It might sound a bit boring but what inspires me the most is life, people, light. It's the little things, it's all about the moments in between, it's about showing the moments before an arrival or a departure. Literature, music and movies, of course, play an important role, too. I like Goddard movies, literature by Banana Yoshimoto, Haruki Murakami and Paul Auster because of the way they make me feel; I can relate to them, I sometimes find myself in a nostalgic mood after grasping the story I was just told.
A lot of the times though, I see something that inspires me and, without any relation to my previous thoughts or ideas, it's as if something hit me in the head with a brick and I just do. I bleed myself into my photographs as much as I bleed myself onto paper when writing.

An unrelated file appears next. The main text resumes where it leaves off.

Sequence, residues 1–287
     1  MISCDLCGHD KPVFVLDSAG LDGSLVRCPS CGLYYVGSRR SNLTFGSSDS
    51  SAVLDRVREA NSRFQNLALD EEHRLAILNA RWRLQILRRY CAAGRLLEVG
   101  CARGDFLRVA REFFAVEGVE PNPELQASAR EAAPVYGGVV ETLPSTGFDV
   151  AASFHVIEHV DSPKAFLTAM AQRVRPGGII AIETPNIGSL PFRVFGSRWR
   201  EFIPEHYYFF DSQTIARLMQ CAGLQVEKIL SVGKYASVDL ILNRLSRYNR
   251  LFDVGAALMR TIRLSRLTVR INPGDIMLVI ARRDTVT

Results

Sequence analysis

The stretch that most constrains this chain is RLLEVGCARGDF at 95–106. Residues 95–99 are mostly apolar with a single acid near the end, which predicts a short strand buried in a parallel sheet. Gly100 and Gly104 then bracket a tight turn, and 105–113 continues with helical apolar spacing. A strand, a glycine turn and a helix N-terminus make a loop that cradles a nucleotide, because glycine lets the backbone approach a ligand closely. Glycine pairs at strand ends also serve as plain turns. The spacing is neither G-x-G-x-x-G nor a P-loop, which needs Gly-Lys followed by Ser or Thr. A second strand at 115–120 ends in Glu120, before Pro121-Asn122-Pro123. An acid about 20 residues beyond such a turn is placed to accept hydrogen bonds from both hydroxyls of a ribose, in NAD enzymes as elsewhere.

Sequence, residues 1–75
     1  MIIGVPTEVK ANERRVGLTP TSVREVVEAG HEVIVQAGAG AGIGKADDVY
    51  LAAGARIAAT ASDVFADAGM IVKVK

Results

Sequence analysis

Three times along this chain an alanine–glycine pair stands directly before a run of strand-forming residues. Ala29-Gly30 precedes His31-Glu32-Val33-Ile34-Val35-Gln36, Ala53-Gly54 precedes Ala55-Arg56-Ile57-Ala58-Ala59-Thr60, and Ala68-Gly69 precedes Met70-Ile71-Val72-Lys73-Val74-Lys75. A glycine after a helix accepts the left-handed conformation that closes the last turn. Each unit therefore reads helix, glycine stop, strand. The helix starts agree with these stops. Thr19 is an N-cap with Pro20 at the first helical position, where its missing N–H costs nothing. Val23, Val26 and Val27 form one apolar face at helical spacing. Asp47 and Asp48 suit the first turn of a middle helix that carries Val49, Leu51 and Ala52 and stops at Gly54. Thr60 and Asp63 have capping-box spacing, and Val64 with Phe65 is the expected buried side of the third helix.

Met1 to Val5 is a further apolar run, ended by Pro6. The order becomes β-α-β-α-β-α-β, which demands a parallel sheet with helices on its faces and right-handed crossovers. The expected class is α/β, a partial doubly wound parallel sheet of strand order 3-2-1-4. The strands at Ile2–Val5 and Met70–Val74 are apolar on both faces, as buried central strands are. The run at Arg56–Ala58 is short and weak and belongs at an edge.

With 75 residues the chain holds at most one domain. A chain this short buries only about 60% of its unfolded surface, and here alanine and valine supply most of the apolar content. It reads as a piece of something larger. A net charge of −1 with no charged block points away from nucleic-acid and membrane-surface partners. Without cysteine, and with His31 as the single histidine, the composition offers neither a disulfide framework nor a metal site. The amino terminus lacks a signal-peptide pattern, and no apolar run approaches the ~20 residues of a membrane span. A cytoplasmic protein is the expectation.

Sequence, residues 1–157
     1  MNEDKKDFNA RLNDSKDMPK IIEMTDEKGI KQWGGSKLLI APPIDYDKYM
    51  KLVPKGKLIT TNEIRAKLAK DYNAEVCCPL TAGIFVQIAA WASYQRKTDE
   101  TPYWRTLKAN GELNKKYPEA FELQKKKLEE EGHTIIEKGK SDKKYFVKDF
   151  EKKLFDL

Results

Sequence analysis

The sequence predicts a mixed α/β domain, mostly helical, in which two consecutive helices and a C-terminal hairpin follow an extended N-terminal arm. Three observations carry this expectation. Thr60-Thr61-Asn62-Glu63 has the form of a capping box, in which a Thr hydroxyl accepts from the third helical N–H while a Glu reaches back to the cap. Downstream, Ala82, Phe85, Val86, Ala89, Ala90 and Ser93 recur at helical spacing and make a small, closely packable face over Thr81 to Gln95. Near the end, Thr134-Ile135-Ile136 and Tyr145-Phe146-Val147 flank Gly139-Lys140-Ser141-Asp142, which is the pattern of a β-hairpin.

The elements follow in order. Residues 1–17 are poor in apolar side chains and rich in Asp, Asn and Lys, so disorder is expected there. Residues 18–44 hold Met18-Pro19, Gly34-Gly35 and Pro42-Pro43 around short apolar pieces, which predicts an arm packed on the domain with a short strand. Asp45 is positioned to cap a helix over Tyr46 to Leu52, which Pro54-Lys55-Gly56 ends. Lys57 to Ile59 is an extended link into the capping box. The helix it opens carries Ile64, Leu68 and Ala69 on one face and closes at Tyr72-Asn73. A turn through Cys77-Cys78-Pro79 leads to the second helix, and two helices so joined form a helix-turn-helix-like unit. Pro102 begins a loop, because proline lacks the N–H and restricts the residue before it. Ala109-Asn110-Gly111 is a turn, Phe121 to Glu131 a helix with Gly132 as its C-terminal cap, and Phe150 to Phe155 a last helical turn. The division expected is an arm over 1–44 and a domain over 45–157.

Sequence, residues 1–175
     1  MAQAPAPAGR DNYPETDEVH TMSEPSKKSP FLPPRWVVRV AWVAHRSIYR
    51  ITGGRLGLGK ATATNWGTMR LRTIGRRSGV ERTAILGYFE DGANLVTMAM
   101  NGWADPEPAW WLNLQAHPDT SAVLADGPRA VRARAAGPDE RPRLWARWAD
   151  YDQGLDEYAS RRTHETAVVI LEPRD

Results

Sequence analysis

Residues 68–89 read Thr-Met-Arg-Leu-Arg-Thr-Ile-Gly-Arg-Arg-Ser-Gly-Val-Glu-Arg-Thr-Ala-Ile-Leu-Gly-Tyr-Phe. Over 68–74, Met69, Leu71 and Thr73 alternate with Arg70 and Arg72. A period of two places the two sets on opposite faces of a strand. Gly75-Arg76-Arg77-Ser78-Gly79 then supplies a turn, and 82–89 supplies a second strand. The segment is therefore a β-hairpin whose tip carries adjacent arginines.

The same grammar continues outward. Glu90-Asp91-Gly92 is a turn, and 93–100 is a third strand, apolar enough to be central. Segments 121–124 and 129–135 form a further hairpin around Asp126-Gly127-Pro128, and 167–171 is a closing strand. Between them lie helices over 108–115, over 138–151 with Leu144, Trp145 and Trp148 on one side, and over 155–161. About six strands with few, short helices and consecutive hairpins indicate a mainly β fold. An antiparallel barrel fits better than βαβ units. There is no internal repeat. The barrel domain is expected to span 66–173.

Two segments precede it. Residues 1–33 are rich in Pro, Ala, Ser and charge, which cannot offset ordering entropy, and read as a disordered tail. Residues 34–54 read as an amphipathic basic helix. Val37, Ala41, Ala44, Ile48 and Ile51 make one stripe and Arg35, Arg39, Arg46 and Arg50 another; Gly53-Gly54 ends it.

Film photography means a lot to me.
I found out that there are literally no pictures of me apart from one from when I was a baby until I turned three. It feels like a part of my identity is missing, as weird as it sounds. So by means of film photography, I try to reconstruct myself, I try to document my body and what I felt. As I already wrote, I can only do that with film. With something I'm able to touch in the end.
All of the people I have taken a lot of photographs of mean a lot to me. I like taking pictures of the people I like and love which involves me watching them first, how they react, how they walk while trying to find and show others the essence of how beautiful they are - in all they are. It was only in summer 2012 though that I found out how much I can (literally and not literally speaking) touch people by taking photographs of them and how much this says about my relationship with them. I also learned that it can be the same vice-versa and this is something that can't go away.
As pathetic as it may sound, to me it's the ultimate way of saying "I'm alive, I lived through this, I experienced this, I met and fell in love with these people and moments and with the light on my skin. I actually lived and survived my self." It's also the ultimate way of saying "thank you."
Thanks Anke for taking the time with us.